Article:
Telkom bandwidth prices hard to explain

Industry players accuse Telkom of “Internet apartheid” with bandwidth pricing which does not make sense

By - November 28, 2012 Share on LinkedIn
Telkom money

An industry player has recently explained that Telkom charges more for a link between Johannesburg and Cape Town than what a link costs between Johannesburg and London.

The clincher is that the cheaper Johannesburg and London link includes the Johannesburg – Cape Town link. This means it is cheaper to transit local traffic internationally, and the only reason this is not done is due to the adverse impact of higher latency.

“18 years after the fall of apartheid, internet apartheid is alive and well in South Africa. The primary ring leader is Telkom,” he explained.

This is not the first time that Telkom’s perplexing pricing has come under the spotlight. As far back as 2007 industry players have bemoaned Telkom’s monopolistic transit rates.

Former Communications Users Association of South Africa’s (CUASA) Chairman and MTN executive Edwin Thompson said in 2007 that Telkom’s pricing makes no sense.

“A Telkom STM-1 (155Mbps) line from Johannesburg to London is ludicrously expensive to rent at R1.7-million per month. The much shorter connection offering the same bandwidth to Cape Town costs a full R100 000 more – at R1.8-million per month,” said Thompson.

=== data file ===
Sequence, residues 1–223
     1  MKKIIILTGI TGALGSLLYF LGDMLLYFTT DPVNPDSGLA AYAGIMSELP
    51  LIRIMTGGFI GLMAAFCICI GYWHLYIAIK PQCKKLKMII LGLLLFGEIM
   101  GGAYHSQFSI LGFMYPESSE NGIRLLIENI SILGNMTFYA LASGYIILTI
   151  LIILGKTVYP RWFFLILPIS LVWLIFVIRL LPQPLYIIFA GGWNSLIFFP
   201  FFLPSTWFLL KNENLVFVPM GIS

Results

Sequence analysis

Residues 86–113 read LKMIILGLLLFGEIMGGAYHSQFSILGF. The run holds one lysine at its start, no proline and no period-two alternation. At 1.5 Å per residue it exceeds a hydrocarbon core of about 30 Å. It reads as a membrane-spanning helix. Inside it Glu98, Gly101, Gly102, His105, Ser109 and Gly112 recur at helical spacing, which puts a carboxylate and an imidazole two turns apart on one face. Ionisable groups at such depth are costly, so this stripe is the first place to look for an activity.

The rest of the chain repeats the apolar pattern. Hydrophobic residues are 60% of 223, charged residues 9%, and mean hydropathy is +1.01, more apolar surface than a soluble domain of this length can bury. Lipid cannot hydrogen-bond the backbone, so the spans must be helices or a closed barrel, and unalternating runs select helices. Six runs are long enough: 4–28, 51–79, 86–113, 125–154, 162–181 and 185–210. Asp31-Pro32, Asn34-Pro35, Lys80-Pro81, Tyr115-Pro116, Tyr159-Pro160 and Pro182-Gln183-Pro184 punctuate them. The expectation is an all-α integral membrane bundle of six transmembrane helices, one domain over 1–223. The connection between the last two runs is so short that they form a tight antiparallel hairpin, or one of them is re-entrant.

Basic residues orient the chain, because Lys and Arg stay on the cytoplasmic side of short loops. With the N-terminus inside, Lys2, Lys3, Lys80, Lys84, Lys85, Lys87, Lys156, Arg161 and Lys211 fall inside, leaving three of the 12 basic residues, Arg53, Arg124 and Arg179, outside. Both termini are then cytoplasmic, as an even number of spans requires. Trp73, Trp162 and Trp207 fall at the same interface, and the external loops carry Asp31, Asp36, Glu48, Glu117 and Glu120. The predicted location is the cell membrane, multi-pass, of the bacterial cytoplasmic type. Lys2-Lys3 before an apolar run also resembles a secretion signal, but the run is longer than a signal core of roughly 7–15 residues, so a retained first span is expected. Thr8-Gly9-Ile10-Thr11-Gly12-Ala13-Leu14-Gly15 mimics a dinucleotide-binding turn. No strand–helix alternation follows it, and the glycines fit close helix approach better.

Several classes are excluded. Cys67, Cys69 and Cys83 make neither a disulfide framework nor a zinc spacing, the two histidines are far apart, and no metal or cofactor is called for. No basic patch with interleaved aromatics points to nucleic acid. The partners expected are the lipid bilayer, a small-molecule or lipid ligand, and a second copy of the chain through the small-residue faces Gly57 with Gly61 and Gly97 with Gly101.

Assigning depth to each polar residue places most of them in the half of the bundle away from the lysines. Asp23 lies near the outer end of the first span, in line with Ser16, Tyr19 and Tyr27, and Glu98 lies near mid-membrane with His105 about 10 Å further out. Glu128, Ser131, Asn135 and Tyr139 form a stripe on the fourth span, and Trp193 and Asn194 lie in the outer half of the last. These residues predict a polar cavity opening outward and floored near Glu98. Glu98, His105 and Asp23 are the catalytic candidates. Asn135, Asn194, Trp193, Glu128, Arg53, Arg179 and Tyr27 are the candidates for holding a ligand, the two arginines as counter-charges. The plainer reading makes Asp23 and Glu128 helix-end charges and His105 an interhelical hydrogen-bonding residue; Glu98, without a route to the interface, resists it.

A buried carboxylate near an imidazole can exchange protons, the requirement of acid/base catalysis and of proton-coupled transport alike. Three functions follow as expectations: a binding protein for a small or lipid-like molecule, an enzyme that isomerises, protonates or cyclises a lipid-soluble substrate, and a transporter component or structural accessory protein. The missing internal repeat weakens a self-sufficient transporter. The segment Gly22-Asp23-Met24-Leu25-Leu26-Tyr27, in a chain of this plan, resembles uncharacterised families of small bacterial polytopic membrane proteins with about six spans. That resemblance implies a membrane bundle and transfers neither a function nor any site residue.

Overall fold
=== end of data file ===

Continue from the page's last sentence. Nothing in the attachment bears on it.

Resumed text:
The following diagram illustrates Telkom’s strange national and international bandwidth pricing (2007 figures).

Telkom bandwidth prices

Telkom bandwidth prices

This pricing from Telkom meant in the past that the liberalization of the international bandwidth market did not have as much of an impact because Telkom was still controlling a key piece of the connectivity puzzle.

The situation has changed slightly since 2007 with more national fibre infrastructure and increased competition, but curiously this pricing conundrum still seems to remain.

Telkom explains

Telkom provided the following explanation for the apparently strange bandwidth prices.

The use of distance as a baseline for price comparisons on telecommunication services can be deceiving. As such, cost components and economies of scale would be more accurate for comparing different rates. The reason for the discrepancy between the prices of a national circuit versus an international circuit lies in the different network configurations that are used.

The access piece of a national circuit, is the most expensive part of providing a service, especially if it is a high bandwidth service where Telkom has to trench and a fibre cable has to be installed specifically for the purpose.

A national circuit would typically include two access portions – the portion between the nearest exchange and the customer’s premises. Further to this, the national network consists of multiple transmission rings for automatic protection while the undersea cable systems are not as sophisticated as terrestrial systems or in some cases even subject to manual restoration processes.

There are far more infrastructural and maintenance resources needed to offer a national network service compared to an international network service.

It is important to note that over the years Telkom has done much to rebalance national and international pricing and that South Africa is not unique to this phenomenon of national versus international pricing as it is found in many other countries as well.

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